Fact Check

Did Kamala Harris Say Young Voters Are 'Stupid'?

There's some important missing context in this claim.

Published Aug 14, 2020

 (Gage Skidmore / Flickr)
Image Via Gage Skidmore / Flickr
Kamala Harris called voters aged 18-24 years old "stupid."
What's True

During a speech about reducing incarceration and recidivism in 2014, then-California Attorney General Kamala Harris made a comment stating that 18- to 24-year-olds are "stupid."

What's False

However, Harris was not referring to voters. Rather, when you consider the context of her remark, she was actually taking a sympathetic view of young people and illustrating a larger point about how the criminal justice system treats young adults in that age range when they are developmentally prone to making "really bad decisions."

In early August 2020, Snopes readers asked about social media posts stating that U.S. Sen. Kamala Harris, D-Calif., had referred to 18- to 24-year-old "potential voters" as "stupid." Here's a screen shot of one such post, which was widely seen on Facebook:

Harris was selected on Aug. 11, 2020, to run alongside the Democratic party's presumptive presidential nominee Joe Biden. She is viewed favorably among various voter demographics, including young voters.

It's true that Harris made a remark calling people in the 18-24 age range "stupid" during a speech in 2014, when she was attorney general of California.

But she wasn't directly talking about "voters." The missing context from this claim is that as Harris recounted various efforts to reduce incarceration and recidivism among young adults, she wryly commented on the decision-making tendencies of those newly entering adulthood.

The comment came as she was describing Back on Track, a program she launched in 2005 when she was district attorney of San Francisco. The program allowed young people facing first-time, low-level drug sale charges to have their cases dismissed if they met intensive educational and career achievement goals. Here is the quote with more context included:

So we designed this program around the 18 through 24 [age range] mostly but it was usually up to 30 [years old]. First time, low-level drug sales offender... And here's what we did. We recognized the fact that 18 through 24 — when I was at Howard University and we were in college, we were 18 through 24, and you know what we were called? College kids. But when you turn 18 and you're in the system, you are considered an adult, period. Without any regard to the fact that, that is the very phase of life in which we have invested billions of dollars in colleges and universities knowing that, that is the prime phase of life during which we mold and shape and direct someone to become a productive adult. What's the other thing we know about this population? And it's a specific phase of life, remember, age is more than a chronological fact. What else do we know about this population of 18 through 24? They are stupid. [Crowd laughs.] That is why we put them in dormitories, and they have a resident assistant. They make really bad decisions. So we focused on that age population.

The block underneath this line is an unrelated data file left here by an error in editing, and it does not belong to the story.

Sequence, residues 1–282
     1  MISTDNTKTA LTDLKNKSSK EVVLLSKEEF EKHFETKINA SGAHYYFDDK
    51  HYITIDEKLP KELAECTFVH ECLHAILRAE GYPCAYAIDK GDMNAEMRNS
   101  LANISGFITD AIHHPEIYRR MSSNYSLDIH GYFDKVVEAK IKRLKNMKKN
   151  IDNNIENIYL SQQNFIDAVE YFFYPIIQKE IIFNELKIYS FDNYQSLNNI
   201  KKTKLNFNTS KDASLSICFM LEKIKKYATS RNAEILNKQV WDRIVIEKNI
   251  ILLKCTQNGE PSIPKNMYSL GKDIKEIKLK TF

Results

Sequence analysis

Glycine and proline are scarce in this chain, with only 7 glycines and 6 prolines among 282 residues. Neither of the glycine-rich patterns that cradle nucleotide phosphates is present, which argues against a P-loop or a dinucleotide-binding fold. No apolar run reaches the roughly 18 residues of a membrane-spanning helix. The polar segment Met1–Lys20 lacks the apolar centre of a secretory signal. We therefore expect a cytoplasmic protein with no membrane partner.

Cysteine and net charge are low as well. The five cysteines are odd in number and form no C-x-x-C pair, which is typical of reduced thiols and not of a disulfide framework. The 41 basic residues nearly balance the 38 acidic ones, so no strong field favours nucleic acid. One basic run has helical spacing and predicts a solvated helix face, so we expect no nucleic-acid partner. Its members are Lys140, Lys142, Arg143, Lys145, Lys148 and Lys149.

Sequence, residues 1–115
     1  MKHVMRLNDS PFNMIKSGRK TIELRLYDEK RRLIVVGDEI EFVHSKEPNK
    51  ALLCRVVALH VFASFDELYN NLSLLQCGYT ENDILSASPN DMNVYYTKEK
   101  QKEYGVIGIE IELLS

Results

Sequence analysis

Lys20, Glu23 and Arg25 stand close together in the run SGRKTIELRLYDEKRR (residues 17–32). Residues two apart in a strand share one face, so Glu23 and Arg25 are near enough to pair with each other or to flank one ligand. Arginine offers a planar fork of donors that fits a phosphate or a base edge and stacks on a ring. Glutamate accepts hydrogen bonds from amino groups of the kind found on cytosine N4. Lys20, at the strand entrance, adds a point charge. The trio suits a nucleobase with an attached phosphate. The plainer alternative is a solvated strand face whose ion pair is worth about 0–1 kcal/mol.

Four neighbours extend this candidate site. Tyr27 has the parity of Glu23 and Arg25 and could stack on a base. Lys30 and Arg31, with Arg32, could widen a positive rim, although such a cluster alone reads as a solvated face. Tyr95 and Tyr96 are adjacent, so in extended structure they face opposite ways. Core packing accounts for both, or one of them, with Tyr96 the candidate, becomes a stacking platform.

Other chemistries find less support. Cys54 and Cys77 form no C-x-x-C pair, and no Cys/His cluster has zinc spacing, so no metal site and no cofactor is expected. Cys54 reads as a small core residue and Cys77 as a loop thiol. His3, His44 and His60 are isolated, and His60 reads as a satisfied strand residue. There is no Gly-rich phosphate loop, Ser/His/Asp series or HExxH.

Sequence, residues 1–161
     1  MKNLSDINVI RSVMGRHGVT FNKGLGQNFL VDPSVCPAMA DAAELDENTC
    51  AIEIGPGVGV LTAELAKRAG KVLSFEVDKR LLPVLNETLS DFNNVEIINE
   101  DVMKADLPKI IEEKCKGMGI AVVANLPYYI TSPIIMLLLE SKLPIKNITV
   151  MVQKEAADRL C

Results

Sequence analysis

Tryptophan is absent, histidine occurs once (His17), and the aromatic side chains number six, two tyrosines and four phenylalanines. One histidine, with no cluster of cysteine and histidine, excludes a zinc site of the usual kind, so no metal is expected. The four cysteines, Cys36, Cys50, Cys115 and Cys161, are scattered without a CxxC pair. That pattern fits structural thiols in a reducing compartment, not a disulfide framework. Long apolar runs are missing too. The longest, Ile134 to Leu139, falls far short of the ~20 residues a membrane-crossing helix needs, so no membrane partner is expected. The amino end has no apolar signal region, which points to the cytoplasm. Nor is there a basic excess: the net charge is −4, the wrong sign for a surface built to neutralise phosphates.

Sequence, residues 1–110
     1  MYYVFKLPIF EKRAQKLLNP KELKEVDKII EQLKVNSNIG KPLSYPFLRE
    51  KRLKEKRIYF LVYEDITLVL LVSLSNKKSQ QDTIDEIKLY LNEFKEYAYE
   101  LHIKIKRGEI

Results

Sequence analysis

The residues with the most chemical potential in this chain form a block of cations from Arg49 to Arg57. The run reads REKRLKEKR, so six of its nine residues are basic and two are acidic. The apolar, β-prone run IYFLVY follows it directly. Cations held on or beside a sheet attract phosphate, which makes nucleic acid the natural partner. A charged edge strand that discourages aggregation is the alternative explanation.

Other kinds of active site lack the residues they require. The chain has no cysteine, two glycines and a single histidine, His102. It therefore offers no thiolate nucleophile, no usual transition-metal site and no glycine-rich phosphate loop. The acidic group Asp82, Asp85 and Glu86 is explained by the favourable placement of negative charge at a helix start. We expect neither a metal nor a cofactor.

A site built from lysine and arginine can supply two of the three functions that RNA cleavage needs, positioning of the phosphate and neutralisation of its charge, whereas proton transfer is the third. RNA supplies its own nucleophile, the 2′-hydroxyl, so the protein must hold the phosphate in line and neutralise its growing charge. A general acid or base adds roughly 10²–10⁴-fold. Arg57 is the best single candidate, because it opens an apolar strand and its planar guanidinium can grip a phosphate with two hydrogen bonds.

Harris did refer to 18- to 24-year-olds as "stupid" during a speech in 2014. However, she wasn't talking about voters in that age range so much as she was talking about a developmental stage of life for all young adults. And she seems to have used the tongue-in-cheek jab to illustrate a broader need for empathy when it comes to how bad decisions can lead some young people to be prosecuted as adults at a time in their lives when what they need instead is guidance.

The speech can be viewed here:


Ford Foundation.   "California State Attorney General Kamala D. Harris on the Importance of Prison Education."     YouTube.   20 May 2014.

Hakim, Danny, et al.   "'Top Cop' Kamala Harris’s Record of Policing the Police."     The New York Times.   9 August 2020.

Bethania Palma is a journalist from the Los Angeles area who started her career as a daily newspaper reporter and has covered everything from crime to government to national politics. She has written for ... read more

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